In this 21st century we could hardly conceive music without any visual support. Each song usually has a video, in the case of music with lyrics; in the case of electronic music, we may be familiar with the idea that for instance, electronic music parties all have visuals. So we do not dissociate music from images. And these images are usually in motion. But of course, things were quite different in the past.
Thus, we could mention Herder who wrote in his "Kalligone" that the world of sounds annihilates the visual world. Nietzsche also said that everything that makes up the visible world looks for its lost soul inside music. Ribot was still a bit more cautious about this theory. According to him, those who have a good musical culture love music have no visual representations when listening to their favorite kind of music. Any association between music and mental representations maybe accidental and temporary.
People sharing this above-mentioned idea say that they cannot see anything while listening to music. They got too much lost in the world of the sounds, following the rhythm and harmony of the musical performance to create any visuals in their minds. They see nothing but only listen; they belong entirely to the world of their very own impressions. In this respect, some say that the main purpose of music is to amplify our predominant, innermost feelings and thoughts.
According to the same Ribot, those who do not possess too much musical culture and have a rather undeveloped musical taste, can indeed have very clear musical representations. For instance, if someone hears a military march in the distance, that person is likely to imagine a marching regiment. Or while listening one of Beethoven's sonata, one may imagine a noisy place, or a storm. So Ribot considers that there is a powerful antithesis between visual and sound imagination. We could say also that there is an opposition between the arts of time and the arts of space.
Music, the emotional language, is a chain of sounds, a sign of mental states that in order to be understood must awaken in the human conscience the corresponding affective moods.The events pass through the composer's spirit and trouble him, and he in return comes up with a musical variant of his inner life. Nonetheless, as Delacroix puts it, there are certain individuals for which music needs to be associated with visual elements. For these people, the imagery can take up the form of a little drama, of a highly emotional story. The form of music can determine the form of the story. The same as emotions, imageries can also depend on the rhythm and the variation of the sounds.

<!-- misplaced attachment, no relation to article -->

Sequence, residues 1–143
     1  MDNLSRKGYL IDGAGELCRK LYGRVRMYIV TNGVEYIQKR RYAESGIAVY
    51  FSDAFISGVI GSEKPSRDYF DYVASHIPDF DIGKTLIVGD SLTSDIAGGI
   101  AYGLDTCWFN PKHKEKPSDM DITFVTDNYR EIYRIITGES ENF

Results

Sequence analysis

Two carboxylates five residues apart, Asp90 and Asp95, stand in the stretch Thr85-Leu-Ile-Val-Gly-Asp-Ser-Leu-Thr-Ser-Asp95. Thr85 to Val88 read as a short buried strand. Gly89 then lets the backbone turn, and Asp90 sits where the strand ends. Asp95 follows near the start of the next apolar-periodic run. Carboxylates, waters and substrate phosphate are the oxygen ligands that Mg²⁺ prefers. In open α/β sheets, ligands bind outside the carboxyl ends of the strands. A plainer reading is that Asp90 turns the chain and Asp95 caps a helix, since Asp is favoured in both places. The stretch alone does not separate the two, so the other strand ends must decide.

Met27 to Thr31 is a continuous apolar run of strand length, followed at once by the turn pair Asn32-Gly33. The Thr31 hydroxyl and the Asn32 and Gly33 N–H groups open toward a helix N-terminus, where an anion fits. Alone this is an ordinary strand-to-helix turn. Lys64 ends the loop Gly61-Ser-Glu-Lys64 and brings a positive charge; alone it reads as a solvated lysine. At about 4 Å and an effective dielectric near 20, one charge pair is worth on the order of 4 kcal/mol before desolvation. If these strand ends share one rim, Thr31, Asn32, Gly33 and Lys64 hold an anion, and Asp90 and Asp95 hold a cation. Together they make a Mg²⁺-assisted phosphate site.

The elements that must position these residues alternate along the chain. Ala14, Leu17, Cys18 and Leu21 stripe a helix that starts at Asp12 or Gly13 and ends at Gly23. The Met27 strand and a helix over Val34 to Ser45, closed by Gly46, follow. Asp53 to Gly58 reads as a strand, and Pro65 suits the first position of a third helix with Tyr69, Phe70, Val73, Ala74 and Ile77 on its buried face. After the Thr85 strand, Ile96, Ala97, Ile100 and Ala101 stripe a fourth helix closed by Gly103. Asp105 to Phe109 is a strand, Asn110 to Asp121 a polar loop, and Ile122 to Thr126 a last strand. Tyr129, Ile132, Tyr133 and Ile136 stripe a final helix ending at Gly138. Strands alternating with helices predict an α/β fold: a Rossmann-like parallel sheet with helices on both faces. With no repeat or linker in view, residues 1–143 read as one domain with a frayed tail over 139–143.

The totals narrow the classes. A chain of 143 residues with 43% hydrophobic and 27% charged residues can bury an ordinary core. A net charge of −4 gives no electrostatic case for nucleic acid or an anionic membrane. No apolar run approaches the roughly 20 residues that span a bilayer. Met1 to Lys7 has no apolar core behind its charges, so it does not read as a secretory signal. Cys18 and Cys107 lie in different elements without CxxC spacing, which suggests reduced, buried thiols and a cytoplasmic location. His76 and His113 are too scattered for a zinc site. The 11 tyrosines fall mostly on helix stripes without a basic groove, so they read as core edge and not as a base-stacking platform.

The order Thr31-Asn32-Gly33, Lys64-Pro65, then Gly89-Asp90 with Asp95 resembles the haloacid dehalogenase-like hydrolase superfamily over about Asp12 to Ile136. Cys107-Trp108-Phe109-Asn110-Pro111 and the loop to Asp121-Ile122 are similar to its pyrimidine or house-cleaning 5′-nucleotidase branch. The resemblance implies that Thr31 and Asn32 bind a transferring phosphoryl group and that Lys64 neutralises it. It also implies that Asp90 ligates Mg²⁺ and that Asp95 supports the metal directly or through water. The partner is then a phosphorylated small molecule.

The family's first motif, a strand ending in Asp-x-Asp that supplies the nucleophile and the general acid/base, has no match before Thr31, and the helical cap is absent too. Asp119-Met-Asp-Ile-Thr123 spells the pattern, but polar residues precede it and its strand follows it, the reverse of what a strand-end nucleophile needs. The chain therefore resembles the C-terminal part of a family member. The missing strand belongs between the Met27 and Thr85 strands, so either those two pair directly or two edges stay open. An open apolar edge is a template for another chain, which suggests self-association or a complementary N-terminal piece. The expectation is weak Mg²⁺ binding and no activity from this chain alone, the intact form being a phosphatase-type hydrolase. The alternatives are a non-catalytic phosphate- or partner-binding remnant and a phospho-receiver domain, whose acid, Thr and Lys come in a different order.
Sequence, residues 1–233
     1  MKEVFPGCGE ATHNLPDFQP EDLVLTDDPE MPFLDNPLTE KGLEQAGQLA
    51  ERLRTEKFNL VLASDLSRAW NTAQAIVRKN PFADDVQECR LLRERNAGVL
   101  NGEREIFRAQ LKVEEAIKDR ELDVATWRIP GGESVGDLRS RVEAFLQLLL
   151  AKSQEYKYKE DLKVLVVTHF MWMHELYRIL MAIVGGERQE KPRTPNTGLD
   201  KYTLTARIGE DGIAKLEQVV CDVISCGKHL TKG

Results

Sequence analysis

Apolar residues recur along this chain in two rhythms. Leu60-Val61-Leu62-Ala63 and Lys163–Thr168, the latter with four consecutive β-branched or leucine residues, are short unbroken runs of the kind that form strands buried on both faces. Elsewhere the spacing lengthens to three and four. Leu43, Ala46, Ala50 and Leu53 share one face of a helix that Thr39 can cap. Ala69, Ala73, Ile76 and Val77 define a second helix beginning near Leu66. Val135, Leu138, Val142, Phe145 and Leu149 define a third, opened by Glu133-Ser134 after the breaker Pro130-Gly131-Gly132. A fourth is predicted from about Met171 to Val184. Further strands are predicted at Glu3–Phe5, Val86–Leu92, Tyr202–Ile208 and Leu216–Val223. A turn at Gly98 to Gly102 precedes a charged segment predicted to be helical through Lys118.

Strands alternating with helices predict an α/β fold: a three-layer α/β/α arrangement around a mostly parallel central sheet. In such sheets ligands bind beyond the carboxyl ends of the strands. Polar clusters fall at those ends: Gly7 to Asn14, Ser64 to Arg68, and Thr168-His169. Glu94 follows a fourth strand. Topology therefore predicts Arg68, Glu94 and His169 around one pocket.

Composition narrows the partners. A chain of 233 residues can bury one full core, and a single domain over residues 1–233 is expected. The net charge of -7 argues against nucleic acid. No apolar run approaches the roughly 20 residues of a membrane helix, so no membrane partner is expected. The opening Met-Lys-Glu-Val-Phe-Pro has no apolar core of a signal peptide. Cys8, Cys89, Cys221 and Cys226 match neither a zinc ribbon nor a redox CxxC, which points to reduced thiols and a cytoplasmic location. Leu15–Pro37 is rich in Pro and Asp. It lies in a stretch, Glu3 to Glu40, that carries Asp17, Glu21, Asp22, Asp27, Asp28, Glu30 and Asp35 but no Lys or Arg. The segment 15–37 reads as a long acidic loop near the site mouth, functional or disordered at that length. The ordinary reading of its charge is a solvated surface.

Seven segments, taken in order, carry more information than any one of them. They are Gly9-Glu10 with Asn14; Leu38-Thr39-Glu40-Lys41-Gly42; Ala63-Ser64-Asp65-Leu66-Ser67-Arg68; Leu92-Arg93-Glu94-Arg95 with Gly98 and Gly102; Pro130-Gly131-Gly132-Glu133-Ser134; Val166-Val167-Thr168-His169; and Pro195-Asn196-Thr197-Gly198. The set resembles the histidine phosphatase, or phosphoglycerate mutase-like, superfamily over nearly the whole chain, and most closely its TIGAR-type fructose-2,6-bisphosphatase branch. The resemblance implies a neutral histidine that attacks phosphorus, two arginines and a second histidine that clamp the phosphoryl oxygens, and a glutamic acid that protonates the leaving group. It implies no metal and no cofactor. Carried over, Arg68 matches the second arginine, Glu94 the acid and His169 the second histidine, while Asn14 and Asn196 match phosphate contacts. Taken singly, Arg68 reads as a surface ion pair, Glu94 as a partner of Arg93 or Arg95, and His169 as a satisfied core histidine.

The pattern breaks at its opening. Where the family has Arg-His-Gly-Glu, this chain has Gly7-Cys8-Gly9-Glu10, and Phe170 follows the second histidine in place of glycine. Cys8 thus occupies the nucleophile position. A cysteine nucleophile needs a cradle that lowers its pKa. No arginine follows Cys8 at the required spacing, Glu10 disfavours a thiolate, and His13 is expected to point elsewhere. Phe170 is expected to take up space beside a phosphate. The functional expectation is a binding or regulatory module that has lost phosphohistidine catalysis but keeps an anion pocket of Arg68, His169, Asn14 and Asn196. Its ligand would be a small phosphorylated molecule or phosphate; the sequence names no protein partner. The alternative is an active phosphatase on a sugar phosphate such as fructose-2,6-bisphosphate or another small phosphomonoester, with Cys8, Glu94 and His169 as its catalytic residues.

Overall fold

Also, we may be aware of the fact that there is certain dissociation between thinking and imageries. Our capacity of thinking can really function without a ceaseless chain of imageries. The image can represent only fragments of spirit. But in order for the human brain to create or re-create certain images when listening to music, it needs to be rested, to be in a sort of vital, enthusiastic state. Otherwise, if the person feels too tired, he/she is even incapable of remembering things under the form of visuals.
As far as musicians are concerned, their views on this matter may be quite different. Whereas some say that musical experts do not have visual representations of musical pieces, that is one of the things amateurs do, other musicians agree with quite the opposite, that music and images are strongly related, and there cannot be one without the other. Rhene-Baton for instance said that when he composed his pieces, he used to see things and gestures; and this also happened whenever he listened to a musical piece.
Of course, for most of musical experts, who focus on the way in which a certain musical piece was composed and how it is played, there can well be no need of any visuals to support their perception of music. But for many people, music and visual elements are strongly related. Thus, the imageries created in people's minds by the sounds they listen to can form a little drama, a short story with emotional content.